Ridgley, 148 Idaho at 676, 227 P.3d at 930 (internal citations omitted).
In his pro se brief in support of his petition for post conviction relief, Baxter asserted that the injury to jails statute, I.C. § 18-7018, is unconstitutional. The state moved that the district court summarily dismiss this claim for the reason that Baxter merely asserted it in a conclusory fashion and failed to sustain his burden of providing affidavits, records, or other admissible evidence in support of his allegation. The district court issued a notice of intent to dismiss Baxter's petition adopting the state's findings and conclusions. Baxter filed a response to the district court's notice of intent to dismiss, but in his response he did not address further the proposed basis for dismissal of his claim that the statute was unconstitutional. Thereafter, the district court dismissed his claim that the statute was unconstitutional "for the reason that this issue should have been raised on direct appeal," which is a ground different than that in the notice of intent to dismiss.
On appeal the state argues that, although the district court dismissed this claim on a ground not asserted in the notice of intent to dismiss, this Court should affirm the dismissal based on the notice that Baxter's claim that the statute was unconstitutional was conclusory and he failed to provide any admissible evidence in support of his allegation. We are constrained to agree. Without deciding whether the statute is unconstitutional, we conclude that although the claim was dismissed by the district court on grounds different than those contained in the notice of intent to dismiss, this does not automatically require reversal. The Supreme Court's holding in Ridgley applies in Baxter's case. After notice was given, Baxter failed to provide any evidence supporting his claim that the statute is unconstitutional. Baxter did not show how the statute was unconstitutional on its face, or as applied to him and his conduct. Thus, Baxter's claim was merely conclusory, and insufficient to meet his burden of proof. Therefore, the district court properly dismissed this claim. Accordingly, we affirm the district court's dismissal of Baxter's claim based on the notice actually given in the notice of intent to dismiss.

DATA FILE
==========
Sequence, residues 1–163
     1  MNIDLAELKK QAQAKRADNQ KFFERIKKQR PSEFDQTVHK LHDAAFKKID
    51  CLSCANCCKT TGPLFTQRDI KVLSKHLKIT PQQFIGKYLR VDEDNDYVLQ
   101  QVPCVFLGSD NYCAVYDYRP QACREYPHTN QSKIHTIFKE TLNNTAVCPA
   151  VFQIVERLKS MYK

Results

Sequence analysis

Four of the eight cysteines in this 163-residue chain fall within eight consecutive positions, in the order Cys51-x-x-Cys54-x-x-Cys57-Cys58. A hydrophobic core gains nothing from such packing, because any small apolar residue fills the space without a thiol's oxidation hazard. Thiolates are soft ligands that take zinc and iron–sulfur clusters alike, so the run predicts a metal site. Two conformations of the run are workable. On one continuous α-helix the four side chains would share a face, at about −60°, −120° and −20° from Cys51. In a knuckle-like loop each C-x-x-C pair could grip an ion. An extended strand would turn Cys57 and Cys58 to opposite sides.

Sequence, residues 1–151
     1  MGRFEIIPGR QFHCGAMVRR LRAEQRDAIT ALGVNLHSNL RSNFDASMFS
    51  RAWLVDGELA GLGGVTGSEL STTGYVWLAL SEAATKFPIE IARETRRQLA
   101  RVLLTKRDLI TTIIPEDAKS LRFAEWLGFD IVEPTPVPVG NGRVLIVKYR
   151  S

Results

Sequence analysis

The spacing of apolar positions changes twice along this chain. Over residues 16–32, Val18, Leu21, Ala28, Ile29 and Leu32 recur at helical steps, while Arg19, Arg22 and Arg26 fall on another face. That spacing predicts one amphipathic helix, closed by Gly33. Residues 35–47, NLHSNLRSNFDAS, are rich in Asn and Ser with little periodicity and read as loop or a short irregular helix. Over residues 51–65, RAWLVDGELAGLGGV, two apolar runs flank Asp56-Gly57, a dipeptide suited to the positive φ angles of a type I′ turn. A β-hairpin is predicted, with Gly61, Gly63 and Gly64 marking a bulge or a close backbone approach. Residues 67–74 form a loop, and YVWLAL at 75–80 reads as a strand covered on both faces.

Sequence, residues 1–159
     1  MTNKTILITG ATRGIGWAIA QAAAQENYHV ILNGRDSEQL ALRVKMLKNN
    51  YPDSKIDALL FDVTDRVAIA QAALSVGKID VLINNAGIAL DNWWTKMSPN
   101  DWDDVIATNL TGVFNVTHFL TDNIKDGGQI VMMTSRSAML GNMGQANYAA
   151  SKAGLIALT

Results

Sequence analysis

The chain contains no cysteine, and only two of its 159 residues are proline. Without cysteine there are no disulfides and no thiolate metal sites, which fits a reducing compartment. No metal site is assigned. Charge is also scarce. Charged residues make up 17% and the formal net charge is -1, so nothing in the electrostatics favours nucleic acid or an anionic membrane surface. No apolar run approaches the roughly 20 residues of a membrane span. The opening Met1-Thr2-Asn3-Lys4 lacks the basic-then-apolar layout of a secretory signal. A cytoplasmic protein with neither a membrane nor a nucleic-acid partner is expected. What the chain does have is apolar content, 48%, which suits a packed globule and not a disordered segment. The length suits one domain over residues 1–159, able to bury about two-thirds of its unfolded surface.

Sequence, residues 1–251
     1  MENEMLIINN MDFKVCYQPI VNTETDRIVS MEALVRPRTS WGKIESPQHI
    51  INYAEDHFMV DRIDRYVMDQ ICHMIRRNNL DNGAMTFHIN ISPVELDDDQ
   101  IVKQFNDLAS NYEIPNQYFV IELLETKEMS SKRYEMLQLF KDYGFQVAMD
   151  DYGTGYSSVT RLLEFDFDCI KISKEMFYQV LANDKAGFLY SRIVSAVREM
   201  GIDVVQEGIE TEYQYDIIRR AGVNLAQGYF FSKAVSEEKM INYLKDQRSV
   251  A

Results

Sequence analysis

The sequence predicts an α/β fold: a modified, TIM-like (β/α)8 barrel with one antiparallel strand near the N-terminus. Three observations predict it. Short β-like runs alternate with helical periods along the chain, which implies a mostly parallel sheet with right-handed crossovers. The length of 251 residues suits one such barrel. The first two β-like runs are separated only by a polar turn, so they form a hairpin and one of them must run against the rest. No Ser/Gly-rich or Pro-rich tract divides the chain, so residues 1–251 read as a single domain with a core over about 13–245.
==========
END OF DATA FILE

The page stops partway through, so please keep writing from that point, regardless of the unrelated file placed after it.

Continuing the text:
The district court did not err when it denied Baxter's petition for post-conviction relief with regard to his claims of ineffective assistance of trial and appellate counsel after an evidentiary hearing. Furthermore, the district court did not err when it summarily dismissed Baxter's petition for post-conviction relief because even though the district court dismissed on grounds different from those asserted by the state, the dismissal was proper based on the reasons given in the notice of intent to dismiss. Accordingly, we affirm. No costs or attorney fees on appeal.
Judge GRATTON and Judge MELANSON CONCUR.